Out of the Shadows: Using Value Pluralism to Make Explicit Economic Values in Not-for-Profit Business Strategies

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Journal Article
Journal of Business Ethics, 2016, 139 (2), pp. 299 - 312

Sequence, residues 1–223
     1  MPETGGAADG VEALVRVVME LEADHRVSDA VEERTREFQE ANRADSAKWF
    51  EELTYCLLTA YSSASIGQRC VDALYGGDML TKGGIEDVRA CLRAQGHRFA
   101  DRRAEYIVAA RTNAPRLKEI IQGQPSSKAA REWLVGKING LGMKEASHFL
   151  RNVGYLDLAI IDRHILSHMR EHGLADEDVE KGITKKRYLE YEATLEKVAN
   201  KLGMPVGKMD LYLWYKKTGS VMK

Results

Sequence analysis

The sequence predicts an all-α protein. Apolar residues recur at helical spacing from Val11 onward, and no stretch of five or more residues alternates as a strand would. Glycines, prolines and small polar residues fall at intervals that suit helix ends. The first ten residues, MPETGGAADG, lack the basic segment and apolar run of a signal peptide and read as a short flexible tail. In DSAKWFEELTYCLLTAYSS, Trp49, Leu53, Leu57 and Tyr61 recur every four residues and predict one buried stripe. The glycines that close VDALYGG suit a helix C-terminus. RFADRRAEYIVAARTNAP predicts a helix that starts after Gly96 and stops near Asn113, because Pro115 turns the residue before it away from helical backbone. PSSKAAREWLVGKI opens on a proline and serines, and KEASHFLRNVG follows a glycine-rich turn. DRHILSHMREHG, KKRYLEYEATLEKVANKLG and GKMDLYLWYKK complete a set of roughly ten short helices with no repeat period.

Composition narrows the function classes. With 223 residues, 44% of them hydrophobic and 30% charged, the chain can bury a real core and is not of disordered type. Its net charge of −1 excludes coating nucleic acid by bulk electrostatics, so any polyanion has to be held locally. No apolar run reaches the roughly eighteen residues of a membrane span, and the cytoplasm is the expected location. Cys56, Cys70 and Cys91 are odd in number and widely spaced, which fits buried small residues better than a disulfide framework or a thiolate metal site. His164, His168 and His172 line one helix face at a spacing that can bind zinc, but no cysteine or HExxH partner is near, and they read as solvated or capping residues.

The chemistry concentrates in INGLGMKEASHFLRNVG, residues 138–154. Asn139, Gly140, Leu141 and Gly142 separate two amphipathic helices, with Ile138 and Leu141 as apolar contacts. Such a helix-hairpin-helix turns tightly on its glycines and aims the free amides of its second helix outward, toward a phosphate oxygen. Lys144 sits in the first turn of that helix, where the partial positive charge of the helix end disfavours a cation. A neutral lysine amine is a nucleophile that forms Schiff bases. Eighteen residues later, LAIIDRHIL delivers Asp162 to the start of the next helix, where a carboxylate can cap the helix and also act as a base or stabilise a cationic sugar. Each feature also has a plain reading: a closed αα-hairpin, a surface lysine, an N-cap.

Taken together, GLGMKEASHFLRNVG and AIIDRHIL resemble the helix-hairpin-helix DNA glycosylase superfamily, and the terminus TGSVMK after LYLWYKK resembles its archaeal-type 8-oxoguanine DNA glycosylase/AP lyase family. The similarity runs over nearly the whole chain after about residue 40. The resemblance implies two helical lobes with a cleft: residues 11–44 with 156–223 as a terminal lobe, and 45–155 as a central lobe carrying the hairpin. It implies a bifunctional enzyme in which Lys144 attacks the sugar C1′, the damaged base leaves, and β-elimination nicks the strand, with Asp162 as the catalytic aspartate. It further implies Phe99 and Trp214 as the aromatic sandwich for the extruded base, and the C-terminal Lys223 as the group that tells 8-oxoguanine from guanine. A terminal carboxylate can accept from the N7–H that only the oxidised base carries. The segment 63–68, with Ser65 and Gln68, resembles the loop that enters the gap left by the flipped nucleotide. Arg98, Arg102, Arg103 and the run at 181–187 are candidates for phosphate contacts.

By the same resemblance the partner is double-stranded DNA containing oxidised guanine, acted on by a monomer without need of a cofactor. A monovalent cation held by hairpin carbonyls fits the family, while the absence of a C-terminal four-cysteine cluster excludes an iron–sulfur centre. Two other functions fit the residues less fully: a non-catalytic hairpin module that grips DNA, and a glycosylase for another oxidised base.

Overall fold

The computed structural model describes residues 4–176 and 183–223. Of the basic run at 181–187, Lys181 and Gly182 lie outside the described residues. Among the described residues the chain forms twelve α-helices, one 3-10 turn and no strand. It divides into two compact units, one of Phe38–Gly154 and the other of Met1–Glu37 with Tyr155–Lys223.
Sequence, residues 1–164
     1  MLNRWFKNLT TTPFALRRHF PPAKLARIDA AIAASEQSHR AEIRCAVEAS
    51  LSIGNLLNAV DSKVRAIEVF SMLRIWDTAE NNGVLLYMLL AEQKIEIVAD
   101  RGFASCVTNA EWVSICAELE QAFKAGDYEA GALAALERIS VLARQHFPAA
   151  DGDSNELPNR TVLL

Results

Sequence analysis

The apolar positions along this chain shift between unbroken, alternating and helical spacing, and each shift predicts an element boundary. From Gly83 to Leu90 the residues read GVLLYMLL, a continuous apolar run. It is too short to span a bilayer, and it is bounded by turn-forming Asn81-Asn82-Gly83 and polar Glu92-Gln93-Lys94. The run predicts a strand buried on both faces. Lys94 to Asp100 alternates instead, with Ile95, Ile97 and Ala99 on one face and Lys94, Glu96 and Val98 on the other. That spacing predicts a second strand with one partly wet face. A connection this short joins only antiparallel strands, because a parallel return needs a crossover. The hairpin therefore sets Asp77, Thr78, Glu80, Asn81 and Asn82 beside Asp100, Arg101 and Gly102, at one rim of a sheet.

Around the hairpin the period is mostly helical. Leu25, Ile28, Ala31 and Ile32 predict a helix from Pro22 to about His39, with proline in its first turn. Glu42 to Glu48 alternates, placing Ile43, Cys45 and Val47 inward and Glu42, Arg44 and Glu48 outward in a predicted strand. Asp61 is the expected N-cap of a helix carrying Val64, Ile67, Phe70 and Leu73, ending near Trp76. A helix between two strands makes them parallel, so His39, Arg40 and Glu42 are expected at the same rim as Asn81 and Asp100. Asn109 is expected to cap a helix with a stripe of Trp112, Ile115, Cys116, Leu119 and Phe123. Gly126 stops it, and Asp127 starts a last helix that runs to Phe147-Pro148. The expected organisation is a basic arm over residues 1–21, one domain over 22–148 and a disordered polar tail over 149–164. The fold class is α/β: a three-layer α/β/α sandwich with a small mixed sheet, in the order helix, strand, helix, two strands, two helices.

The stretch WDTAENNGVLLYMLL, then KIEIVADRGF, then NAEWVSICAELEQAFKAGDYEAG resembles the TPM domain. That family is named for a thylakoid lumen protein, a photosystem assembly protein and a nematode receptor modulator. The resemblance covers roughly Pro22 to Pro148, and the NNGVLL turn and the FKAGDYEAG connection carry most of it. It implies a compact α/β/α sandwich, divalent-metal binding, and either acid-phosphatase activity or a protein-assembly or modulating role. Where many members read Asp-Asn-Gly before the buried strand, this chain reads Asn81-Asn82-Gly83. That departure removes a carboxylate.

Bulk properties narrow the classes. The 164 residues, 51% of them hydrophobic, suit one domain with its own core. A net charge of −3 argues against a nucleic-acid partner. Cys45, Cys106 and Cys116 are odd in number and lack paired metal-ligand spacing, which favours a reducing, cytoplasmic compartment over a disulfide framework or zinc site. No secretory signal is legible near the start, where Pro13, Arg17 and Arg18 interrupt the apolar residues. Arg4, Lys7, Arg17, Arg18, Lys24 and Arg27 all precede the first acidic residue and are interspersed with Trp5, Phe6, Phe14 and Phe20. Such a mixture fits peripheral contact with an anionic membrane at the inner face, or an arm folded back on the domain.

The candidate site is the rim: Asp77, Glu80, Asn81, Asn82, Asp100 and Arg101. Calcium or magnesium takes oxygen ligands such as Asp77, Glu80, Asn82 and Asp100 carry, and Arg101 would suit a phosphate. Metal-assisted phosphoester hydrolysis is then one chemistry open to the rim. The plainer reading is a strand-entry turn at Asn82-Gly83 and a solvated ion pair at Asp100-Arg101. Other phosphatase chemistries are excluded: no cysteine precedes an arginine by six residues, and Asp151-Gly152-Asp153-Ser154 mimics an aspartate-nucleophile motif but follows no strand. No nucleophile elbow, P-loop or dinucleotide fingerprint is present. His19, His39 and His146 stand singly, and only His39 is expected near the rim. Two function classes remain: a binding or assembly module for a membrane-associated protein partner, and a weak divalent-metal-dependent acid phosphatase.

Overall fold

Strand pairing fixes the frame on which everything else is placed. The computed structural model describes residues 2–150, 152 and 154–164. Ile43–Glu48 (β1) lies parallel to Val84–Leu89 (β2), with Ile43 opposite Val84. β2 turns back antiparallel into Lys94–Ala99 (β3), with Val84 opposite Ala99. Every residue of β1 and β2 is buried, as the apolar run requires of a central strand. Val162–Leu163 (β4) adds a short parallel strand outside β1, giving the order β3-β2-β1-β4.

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© 2015, Springer Science+Business Media Dordrecht. In the last decade, Australian federal and state governments’ commitment to the economic rationalist imperatives of performance measures, accountability for outcomes, and value-for-money has driven significant change in the Australian not-for-profit community services sector. In an environment shaped by neoliberal-inspired government policies and a renewed government commitment to austerity, Australian not-for-profit community service organizations are now, more than ever, actively engaged in a variety of income-generating strategies to achieve and/or maintain economic sustainability. Central to this process is meeting the dual challenge of succeeding financially in a competitive environment and simultaneously serving mission. In this context, it is time to more closely examine the impact of these challenges, in particular the implications for the organizational values of not-for-profit community service providers themselves. This paper reports on a qualitative study of fourteen not-for-profit community service organizations, their core purposes, and their strategies for economic sustainability. In addition to the new data presented here, this paper contributes to the broader theoretical framework—the lens of value pluralism, which, we argue, provides a sharper focus on the relationship between mission and margin.
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